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Reduce Risky Holdings

Mr. Venugopal, an NRI investor with an above average risk appetite, asks us to review his portfolio

I am a long-term investor (NRI) aged 30 with an above average risk appetite. I plan to stay invested in funds for 15 - 17 years. I plan to start monthly SIPs in Reliance Growth, Reliance Vision, Reliance NRI Equity, DSP ML Tiger and JM Basic and discontinue SIPs in HDFC Top 200, Sundaram Select Midcap and Magnum Global. Should I add Kotak Opportunities or SBI Magnum Contra to the list? I can invest up to Rs 60,000 monthly via SIPs. Kindly advice on my existing portfolio and please suggest changes if needed.
- Venugopal

We have no issues with the quality and quantity of your funds. 55 per cent of your portfolio is invested in well performing 5-star rated funds and having eight funds for a portfolio of Rs. 6.76 lakh, both make good sense. However, we feel that your portfolio is a bit too high on aggression, and we have suggestions to alter the same.

Exisiting Portfolio
Funds  Allocation (%)
DSPML T.I.G.E.R 5.75
HDFC Top 200 17.05
JM Basic 5.95
Magnum Global 15.08
Reliance Growth 14.24
Reliance NRI Equity 17.62
Reliance Vision 6.06
Sundaram BNP Paribas Select Midcap 18.26
Total  100.00

Learning the Basics

Your portfolio comprises of funds which would do extremely well in a bull run, but would crash in a bear phase. This is largely because of the various well performing mid cap funds that you hold, which tend to be more aggressive than large caps. There is no harm if the portfolio comprises of such funds/stocks, but the portfolio should not be heavily skewed towards them. As on April 17, 2008, the mid and small cap exposure of your portfolio stood at an alarming 56 per cent whereas large caps accounted for 39.72 per cent. It is very important that your portfolio has funds which provide stability and reduce the downside risk of the portfolio.

Crash Performance

Your portfolio was quite badly hit in the recent market crash. We calculated the value of the portfolio on January 4, 2008 (assuming you held the same number of units). The portfolio value has fallen by 30 per cent from Rs 9.4 lakh to Rs 6.5 lakh in the period January 4 - April 17, 2008, a time when the Sensex dipped by just 20 per cent. The Sensex gives a broad indication as to how the large caps proved to be more stable. Hence a mid and small cap heavy portfolio is bound to be hit in a struggling market.

Correcting the Flaws

We noticed that there was no regularity in investments (except for the two SIPs). For instance there was no investment for almost 10 months in 2007. Timing the markets is something you shouldn't try. Going ahead, avoid lump sum investments and just stick to the SIP route.

Something you need to rectify is the high mid and small cap exposure. The allocation can be adjusted gradually, if you initiate SIPs in well rated large cap oriented funds..

A portfolio needs to be well diversified across funds and even fund houses. Such diversification would help you benefit from different strategies that each AMC adopts. Thirty eight per cent of your portfolio solely comprises of Reliance mutual funds. Ensure that your portfolio is not dependant on a particular fund house.

Your portfolio has a negligible debt component of 0.97 per cent. Debt is essential as it helps protect your portfolio from the downside. A 10 per cent exposure to a debt fund would make the portfolio look healthier. As you are initiating fresh SIPs you can route some amount to a well rated debt fund.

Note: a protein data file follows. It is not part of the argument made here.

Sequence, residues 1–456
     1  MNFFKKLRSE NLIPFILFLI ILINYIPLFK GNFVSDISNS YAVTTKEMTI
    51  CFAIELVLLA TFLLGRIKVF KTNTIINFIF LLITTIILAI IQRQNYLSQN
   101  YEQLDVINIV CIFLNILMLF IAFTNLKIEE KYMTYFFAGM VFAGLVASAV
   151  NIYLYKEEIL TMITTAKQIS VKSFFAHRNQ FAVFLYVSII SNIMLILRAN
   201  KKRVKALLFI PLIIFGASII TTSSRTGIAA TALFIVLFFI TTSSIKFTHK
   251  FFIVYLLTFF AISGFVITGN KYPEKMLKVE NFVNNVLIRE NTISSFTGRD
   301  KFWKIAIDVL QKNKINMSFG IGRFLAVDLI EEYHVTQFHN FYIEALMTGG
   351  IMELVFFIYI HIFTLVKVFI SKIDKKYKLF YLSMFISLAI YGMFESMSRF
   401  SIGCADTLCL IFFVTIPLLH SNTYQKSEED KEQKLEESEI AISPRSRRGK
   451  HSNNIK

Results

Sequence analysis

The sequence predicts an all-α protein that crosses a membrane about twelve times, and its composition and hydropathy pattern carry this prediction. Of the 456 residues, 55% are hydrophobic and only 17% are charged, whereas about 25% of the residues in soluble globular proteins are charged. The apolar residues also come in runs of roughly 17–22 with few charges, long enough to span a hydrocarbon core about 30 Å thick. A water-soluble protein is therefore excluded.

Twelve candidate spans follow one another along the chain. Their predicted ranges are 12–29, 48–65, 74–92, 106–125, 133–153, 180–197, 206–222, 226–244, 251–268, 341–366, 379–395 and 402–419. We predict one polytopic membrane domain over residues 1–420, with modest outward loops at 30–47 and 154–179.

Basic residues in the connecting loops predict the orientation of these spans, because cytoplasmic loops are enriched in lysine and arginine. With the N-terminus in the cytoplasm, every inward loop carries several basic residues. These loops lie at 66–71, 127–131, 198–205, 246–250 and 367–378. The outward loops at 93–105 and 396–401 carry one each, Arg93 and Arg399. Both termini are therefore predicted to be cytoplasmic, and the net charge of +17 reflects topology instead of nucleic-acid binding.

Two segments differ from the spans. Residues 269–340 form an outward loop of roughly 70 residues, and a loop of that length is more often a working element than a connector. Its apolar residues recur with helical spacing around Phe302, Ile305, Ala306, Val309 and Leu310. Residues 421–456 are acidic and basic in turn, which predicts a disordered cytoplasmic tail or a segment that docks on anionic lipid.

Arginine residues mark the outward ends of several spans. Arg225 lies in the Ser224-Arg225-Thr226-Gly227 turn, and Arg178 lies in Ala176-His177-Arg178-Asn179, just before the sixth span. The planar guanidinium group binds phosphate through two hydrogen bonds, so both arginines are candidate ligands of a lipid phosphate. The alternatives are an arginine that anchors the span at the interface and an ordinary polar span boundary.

Plan of Action

As the portfolio is heavy on mid caps, it would be ideal to discontinue SIPs in Sundaram Select Midcap and Magnum Global, as planned by you. Though HDFC Top 200 is a large cap fund and an ideal pick, we opted for a debt fund instead. We have selected all large cap heavy funds which would help in transforming your portfolio to a large cap one. We stayed away from DSP ML Tiger and JM Basic as these are aggressive funds. Both, Kotak Opportunities and Magnum Contra can be skipped as they have relatively high mid and small cap exposure. Other Reliance Funds you opted were completely avoided (though they are well rated consistent performers) because you already have significant portfolio exposure to them.

Another thing you need to take note of is the fund count. We recommend you to exit from aggressive funds like JM Basic and DSP ML Tiger once the markets recover a bit. This would reduce the fund count to 10. Make sure you do not add more funds to the portfolio. We believe these are quality funds which can take care of your investments in the long run. Start investing in these funds via SIP. Keep in mind that rebalancing the portfolio at least once a year is very essential. The equity-debt allocation might swing widely even in a bull or a bear phase. Keep a check on this and rebalance the portfolio as and when required.

Achieving Goals
If you continue to invest Rs 60,000 per month for 17 years, you would be able to create a corpus exceeding Rs 5 crore (assuming a 15% pa return on your portfolio). As you have 17 years by your side, a 10 per cent debt component would suffice. But it is important to have a considerable debt component, few years before you require the money. This would help you in protecting the corpus amount that is created over time. As equities tend to be volatile, start shifting your portfolio gradually to debt around four years before you require the money, to safeguard the created wealth.

Suggested SIP Portfolio
  SIP Amount  Large Cap
  (INR)  Exposure* (Approx)
Sundaram Select Focus 15000 86%
Kotak 30 15000 83%
DSP ML Top 100 15000 83%
Birla Dynamic Bond Retail  15000  Debt Fund
Total  60000  
* As per March 2008 Portfolios